What does a Lead Superintendent Construction do?
A construction superintendent is responsible for the daily operations of a construction site from planning projects to overseeing their completion. Duties vary depending on the type of construction each business conducts, but generally tasks include scheduling work to proceed according to a strict timeline, conducting audits and checks to ensure that work corresponds with blueprints or client requests, and monitoring safety and compliance.
To be a construction superintendent, you need an associate degree and at least three years of construction field experience. You should be able to set priorities and use time effectively, especially when challenges arise. You must be professional and communicate effectively with subcontractors and vendors. You should be familiar with the operation of construction tools and machinery and be able to physically lift up to 100 lbs. The job may include traveling to different work sites and working in various climate conditions.
- Coordinate scheduling of subcontractors, consultants, inspectors and vendors to complete each project on time
- Monitor work and materials to ensure quality control standards are met at various stages of the project
- Communicate with the project team and support each subcontractor to execute his job duties effectively and efficiently
- Perform inspections or schedule inspectors to meet the varying safety and compliance regulations of each job location
- Maintain a written daily log of visitors, job actions performed, materials expended, and problems resolved on the job site
- Travel between multiple job sites and simultaneously manage work loads of individual projects
- Identify and resolve problems and conflicts, organizing meetings and cooperating with team members in various roles as necessary
- Set an example in keeping the job seat organized and clean, including meeting standards for waste disposal and environmental protection
- Basic knowledge of software programs, such as Master Builder, Microsoft Excel, Word, Outlook, and PowerPoint
- Ability to write reports and professional correspondence to vendors, government officials, and clients
- Good reading comprehension for technical documents, such as safety regulations, assembly and maintenance instructions, and procedure manuals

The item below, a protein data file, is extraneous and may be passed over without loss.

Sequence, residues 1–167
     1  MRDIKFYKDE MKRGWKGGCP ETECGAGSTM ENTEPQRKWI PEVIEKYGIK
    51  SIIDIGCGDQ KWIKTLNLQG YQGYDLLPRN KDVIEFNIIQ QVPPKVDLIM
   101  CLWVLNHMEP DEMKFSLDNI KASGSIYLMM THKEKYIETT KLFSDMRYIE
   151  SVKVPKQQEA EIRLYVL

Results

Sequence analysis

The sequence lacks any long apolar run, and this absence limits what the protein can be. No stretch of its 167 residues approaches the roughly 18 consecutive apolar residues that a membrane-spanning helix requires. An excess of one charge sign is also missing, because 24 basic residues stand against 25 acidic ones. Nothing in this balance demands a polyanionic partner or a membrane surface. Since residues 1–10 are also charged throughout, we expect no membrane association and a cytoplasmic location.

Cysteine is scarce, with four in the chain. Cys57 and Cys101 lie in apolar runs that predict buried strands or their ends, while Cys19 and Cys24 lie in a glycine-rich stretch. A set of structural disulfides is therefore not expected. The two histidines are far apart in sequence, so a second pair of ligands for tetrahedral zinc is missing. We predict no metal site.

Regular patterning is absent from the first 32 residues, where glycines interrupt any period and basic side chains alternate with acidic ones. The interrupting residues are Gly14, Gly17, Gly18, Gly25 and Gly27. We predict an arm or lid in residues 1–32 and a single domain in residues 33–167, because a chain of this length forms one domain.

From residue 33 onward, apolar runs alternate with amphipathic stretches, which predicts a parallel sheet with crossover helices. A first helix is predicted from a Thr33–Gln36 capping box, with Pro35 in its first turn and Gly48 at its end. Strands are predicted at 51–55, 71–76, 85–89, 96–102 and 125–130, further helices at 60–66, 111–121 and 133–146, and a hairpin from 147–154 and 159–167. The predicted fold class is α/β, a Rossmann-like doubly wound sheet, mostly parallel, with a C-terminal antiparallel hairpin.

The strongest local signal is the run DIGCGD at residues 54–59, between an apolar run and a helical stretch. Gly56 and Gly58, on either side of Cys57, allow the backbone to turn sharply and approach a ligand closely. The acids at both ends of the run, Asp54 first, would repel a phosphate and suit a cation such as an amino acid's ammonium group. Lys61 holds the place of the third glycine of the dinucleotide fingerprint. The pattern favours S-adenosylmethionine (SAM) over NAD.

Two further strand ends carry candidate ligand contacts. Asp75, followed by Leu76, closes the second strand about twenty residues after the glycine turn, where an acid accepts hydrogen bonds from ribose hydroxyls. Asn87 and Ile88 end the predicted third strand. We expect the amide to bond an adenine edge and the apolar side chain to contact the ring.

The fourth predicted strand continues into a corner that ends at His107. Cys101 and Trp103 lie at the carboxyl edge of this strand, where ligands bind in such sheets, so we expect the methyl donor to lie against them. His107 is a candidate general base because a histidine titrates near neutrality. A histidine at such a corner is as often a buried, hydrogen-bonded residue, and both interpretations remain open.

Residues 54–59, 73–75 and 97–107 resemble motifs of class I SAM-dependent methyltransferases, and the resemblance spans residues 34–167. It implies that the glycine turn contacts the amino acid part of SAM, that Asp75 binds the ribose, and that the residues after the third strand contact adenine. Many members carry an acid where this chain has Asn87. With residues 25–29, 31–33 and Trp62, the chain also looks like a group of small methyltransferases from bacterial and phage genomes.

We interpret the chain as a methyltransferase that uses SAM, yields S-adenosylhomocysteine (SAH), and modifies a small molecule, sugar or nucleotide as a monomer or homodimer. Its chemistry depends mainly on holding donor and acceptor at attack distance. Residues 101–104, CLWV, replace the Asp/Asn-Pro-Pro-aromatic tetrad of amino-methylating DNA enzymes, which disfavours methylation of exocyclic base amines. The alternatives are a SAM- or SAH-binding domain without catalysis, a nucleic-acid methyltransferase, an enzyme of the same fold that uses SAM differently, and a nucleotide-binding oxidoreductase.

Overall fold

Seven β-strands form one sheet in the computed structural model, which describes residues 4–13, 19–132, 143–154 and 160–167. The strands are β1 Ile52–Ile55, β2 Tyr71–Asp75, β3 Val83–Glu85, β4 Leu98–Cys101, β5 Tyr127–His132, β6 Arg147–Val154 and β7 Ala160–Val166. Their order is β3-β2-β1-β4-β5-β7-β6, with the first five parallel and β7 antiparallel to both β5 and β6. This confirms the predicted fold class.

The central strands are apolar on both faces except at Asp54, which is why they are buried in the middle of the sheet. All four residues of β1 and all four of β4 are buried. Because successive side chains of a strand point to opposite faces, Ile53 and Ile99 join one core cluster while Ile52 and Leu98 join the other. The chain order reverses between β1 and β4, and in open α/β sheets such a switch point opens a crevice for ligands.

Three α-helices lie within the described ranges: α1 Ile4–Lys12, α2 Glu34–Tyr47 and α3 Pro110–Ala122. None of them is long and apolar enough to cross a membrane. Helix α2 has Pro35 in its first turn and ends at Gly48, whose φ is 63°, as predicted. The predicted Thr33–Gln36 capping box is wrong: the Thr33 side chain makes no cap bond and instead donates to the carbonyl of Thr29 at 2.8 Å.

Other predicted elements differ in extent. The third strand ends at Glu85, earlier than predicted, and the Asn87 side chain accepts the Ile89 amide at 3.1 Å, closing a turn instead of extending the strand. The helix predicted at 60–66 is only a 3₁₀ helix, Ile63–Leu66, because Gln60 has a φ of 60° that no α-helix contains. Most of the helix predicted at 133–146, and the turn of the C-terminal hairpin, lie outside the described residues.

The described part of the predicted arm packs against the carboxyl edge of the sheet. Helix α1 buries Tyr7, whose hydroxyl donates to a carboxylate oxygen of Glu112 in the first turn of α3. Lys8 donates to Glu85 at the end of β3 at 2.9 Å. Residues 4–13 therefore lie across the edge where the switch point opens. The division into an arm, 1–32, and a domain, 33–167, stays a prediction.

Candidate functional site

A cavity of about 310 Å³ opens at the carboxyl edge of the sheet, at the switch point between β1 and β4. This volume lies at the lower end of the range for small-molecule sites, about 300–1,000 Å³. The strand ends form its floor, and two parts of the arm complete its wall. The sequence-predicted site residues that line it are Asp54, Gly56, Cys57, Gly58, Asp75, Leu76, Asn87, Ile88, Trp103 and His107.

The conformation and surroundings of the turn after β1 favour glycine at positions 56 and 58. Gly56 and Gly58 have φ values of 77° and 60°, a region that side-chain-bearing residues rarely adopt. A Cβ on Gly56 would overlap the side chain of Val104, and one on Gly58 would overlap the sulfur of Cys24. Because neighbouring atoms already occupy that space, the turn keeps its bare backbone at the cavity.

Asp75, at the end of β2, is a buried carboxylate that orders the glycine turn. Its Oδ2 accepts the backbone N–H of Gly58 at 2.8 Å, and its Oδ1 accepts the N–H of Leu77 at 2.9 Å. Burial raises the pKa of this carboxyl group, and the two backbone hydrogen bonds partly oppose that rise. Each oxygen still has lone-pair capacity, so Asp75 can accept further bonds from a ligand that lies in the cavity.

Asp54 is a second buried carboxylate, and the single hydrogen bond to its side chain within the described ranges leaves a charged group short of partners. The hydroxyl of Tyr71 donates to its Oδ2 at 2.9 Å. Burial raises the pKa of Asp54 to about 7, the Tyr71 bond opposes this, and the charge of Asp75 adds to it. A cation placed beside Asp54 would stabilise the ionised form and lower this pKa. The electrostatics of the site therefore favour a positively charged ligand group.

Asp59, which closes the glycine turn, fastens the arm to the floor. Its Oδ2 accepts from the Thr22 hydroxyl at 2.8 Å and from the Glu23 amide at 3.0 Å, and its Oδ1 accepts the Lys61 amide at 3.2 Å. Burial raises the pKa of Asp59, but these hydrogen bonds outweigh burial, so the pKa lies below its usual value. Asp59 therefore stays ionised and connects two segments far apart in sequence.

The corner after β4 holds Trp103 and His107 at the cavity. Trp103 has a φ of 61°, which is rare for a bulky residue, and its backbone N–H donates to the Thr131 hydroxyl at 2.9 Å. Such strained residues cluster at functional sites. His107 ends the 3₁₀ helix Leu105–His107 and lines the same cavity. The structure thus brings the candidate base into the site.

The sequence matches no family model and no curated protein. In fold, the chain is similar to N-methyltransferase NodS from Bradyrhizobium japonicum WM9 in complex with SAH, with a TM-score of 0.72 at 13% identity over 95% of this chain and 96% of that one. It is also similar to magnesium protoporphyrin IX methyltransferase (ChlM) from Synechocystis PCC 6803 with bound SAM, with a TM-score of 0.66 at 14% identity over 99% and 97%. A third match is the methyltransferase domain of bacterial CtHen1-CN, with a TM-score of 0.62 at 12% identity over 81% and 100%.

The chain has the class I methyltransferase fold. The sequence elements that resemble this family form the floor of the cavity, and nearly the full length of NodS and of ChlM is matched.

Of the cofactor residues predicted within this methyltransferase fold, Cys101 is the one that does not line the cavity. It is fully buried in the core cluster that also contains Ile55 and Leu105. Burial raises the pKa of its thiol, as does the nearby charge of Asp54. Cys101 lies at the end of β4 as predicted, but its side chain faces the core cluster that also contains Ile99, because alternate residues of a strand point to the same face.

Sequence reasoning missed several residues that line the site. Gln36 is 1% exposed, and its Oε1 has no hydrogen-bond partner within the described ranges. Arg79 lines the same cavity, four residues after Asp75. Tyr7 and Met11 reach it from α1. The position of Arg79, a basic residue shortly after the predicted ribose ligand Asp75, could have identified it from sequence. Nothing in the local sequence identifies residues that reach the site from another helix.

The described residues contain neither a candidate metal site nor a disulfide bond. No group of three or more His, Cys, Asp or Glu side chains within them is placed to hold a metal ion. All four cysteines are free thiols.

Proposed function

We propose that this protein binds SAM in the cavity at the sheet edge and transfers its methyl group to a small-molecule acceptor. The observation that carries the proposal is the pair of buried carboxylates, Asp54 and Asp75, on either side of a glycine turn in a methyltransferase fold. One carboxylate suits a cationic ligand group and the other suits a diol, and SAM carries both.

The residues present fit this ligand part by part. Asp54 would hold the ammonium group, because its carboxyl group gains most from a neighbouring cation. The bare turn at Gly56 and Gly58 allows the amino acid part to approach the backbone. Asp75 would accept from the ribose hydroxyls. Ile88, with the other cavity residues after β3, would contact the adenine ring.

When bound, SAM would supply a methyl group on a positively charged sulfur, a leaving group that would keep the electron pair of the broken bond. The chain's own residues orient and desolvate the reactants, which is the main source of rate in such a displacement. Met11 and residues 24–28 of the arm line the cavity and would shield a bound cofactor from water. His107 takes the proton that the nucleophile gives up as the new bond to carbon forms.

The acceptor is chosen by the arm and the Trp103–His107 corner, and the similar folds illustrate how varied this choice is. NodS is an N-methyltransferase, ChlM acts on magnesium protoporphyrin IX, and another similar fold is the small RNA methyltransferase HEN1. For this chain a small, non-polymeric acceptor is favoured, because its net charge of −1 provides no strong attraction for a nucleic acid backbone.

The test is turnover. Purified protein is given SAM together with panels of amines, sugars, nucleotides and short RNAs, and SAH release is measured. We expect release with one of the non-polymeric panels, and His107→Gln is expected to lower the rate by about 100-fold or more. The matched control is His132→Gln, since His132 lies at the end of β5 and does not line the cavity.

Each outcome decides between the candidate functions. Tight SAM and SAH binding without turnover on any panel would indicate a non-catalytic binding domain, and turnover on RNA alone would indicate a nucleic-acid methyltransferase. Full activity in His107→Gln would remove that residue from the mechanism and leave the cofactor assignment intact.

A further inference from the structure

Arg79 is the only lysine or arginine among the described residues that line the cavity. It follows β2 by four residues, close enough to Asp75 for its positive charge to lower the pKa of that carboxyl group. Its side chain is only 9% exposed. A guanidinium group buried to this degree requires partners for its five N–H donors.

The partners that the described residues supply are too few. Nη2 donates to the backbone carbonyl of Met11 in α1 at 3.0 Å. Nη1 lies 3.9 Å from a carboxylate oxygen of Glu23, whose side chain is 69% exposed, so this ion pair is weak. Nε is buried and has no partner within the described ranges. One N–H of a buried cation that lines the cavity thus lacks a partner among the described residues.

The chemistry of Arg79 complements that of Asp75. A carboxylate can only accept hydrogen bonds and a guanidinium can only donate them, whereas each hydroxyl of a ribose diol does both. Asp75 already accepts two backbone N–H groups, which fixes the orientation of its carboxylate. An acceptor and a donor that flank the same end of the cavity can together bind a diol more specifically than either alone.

- Excellent verbal communications skills, especially when addressing customers, clients or official visitors to the website
- Keen eye to identify non-compliance with regulations or standards and ability to suggest solutions for deficiencies or problems
- Familiarity with the operation of office equipment, such as digital cameras, fax machines, computers, copiers, and telephones
- Ability to stand for several hours at a time and to walk in varying climate conditions and on uneven ground
- Experience with managing demanding clients and offering creative solutions to meet commitments and requests
- Capacity to physically lift up to 100 lbs
How much does a Construction Superintendent make?
Lead Superintendent Construction Career Path
Learn how to become a Lead Superintendent Construction, what skills and education you need to succeed, and what level of pay to expect at each step on your career path.
Average Years of Experience
Lead Superintendent Construction Insights
“I did late night work many times because I was not allowed to be preemptive and do my actual job.”
“Career development is not structured and depends very much the support you have from managers.”
“Raises: Porbably the biggest raise you'll receive yearly anywhere and stay in the same position.”
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“The employee should be responsible for his personal growth and setting his career to move forward.”
“It's a good place to learn the solar business as a step to a larger/better solar industry job.”
“Management really tries to let you manage your project as you would want to within reason.”
“Challenging and rewarding career”
Lead Superintendent Construction Interviews
Frequently asked questions about the roles and responsibilities of a Lead Superintendent Construction
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